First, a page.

Hildersham, a small narrow parish of 616 hectares, straddles the valley of the Granta between the chalk uplands followed by the Cambridge-Colchester Roman road to the north & the Essex border to the south. These parish boundaries are respectively more than 80m & 100m above sea level, but the village itself is on lower-lying gravel & alluvial soils at about 30m, built on either side of the small winding river.
The parish included considerable areas of woodland in the “Doomsday Book” & throughout the ‘Middle Ages’, including Hildersham Wood which still exists on the Essex border. Close to the river are meadows that were used as Common Land. There are also a few high-points such as Furze Hill where the chalk is capped with clay & gravel.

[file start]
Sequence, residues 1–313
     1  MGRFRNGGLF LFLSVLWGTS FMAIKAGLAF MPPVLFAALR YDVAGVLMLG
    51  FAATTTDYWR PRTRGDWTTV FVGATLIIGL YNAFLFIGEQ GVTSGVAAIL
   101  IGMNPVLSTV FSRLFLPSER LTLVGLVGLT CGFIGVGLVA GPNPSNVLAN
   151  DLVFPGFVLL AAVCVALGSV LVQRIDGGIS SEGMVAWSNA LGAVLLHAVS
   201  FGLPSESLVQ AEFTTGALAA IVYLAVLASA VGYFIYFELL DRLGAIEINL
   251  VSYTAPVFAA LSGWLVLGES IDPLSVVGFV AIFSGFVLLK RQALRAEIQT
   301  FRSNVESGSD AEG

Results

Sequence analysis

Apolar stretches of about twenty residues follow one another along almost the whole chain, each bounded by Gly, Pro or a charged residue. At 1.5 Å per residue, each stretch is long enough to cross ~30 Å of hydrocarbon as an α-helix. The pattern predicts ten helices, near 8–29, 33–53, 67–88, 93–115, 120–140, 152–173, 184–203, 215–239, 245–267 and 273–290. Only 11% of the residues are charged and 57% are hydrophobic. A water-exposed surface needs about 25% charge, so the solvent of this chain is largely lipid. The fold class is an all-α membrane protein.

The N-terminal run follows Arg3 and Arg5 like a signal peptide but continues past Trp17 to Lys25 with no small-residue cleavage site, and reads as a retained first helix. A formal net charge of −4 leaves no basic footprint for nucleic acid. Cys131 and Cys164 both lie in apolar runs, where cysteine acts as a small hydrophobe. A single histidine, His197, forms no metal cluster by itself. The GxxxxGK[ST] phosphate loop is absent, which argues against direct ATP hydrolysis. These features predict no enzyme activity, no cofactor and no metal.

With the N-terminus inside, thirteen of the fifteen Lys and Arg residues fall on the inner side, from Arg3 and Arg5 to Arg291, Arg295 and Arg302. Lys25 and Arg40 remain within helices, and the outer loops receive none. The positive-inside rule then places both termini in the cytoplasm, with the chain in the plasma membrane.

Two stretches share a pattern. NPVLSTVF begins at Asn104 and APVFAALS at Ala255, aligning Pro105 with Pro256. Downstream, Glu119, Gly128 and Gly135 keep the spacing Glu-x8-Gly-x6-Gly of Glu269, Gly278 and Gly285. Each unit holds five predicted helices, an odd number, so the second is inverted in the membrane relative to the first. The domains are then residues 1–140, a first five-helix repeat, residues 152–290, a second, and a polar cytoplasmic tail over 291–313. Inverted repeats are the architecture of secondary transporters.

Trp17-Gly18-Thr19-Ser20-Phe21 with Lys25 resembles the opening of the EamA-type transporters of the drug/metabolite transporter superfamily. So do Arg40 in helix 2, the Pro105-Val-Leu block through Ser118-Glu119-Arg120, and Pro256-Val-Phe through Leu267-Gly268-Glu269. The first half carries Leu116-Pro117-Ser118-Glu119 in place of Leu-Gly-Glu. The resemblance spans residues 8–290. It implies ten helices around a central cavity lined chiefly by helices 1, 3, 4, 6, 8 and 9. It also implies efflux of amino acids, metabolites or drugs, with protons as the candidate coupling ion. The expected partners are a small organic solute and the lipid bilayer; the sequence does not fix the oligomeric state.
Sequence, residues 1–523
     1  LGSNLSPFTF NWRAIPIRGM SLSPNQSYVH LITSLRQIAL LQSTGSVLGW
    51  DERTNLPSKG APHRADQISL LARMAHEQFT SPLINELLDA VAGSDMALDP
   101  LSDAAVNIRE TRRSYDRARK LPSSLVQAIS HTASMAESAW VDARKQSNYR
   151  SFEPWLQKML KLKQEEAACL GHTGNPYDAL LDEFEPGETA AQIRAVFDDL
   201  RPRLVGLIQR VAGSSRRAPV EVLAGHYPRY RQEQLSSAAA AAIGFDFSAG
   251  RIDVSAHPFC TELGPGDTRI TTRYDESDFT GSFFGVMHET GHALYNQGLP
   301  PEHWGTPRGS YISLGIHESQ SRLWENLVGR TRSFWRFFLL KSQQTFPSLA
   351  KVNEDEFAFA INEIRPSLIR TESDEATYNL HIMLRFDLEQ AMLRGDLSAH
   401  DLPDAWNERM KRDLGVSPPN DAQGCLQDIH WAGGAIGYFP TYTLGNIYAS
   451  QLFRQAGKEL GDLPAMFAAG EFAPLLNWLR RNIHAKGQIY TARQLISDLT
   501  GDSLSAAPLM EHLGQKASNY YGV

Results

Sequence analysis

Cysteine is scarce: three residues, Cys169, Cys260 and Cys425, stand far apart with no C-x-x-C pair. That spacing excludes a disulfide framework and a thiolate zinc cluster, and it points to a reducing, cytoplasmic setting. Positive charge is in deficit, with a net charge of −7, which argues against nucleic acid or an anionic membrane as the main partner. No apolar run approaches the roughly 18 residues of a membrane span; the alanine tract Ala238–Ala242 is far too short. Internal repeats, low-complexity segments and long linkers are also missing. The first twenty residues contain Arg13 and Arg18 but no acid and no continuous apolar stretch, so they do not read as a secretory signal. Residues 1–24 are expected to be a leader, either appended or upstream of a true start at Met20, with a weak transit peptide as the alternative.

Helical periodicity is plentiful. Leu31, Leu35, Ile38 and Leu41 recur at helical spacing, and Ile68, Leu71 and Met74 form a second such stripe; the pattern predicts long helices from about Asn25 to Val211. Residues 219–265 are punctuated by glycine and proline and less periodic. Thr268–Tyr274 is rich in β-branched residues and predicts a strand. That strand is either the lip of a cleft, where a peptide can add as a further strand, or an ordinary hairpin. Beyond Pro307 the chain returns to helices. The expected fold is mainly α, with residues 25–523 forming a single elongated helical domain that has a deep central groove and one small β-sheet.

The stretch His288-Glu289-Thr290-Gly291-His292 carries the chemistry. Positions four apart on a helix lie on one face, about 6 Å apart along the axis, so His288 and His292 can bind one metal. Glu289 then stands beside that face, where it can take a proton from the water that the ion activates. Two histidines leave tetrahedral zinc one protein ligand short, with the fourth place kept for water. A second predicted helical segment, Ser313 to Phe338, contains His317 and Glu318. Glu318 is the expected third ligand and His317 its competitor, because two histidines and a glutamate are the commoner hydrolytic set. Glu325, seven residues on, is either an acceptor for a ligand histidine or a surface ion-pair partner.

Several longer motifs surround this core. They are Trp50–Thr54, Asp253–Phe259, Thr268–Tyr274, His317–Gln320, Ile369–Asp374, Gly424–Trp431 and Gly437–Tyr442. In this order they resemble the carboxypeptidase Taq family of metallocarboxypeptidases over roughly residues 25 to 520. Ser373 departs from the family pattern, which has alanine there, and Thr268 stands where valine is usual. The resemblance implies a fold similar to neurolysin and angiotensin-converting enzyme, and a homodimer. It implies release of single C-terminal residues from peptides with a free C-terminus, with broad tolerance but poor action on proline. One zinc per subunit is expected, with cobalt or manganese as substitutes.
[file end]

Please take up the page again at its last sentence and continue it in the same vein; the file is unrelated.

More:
Hildersham was the last parish in Cambridgeshire to be Enclosed, following an Act made in 1887.
In 1086 it was known as Hildricesham, “the village of Hildic”.
Here at Hildersham we have a small group of enthusiasts that make up the Hildersham History Recorders, if you would like help with any Family, Local, Social or Church History enquiries at Hildersham, please feel free to contact our Secretary or ring 01223 892430 or click here for an enquiries form. We are always more than willing to help and have available a transcribed full set of digital Hildersham Census and parish registers.
In Cambridgeshire we are extremely lucky to have two fantastic depositories of local records, these are the Cambridgeshire Collection currently located at the Cambridge Central Library and Cambridgeshire Archives at Shire Hall, Castle hill, Cambridge.
A lot of their records can now be found on their online search facility called "CALM". To have a look at some of the records held at the Cambridgeshire Archves relating to Hildersham why not click here.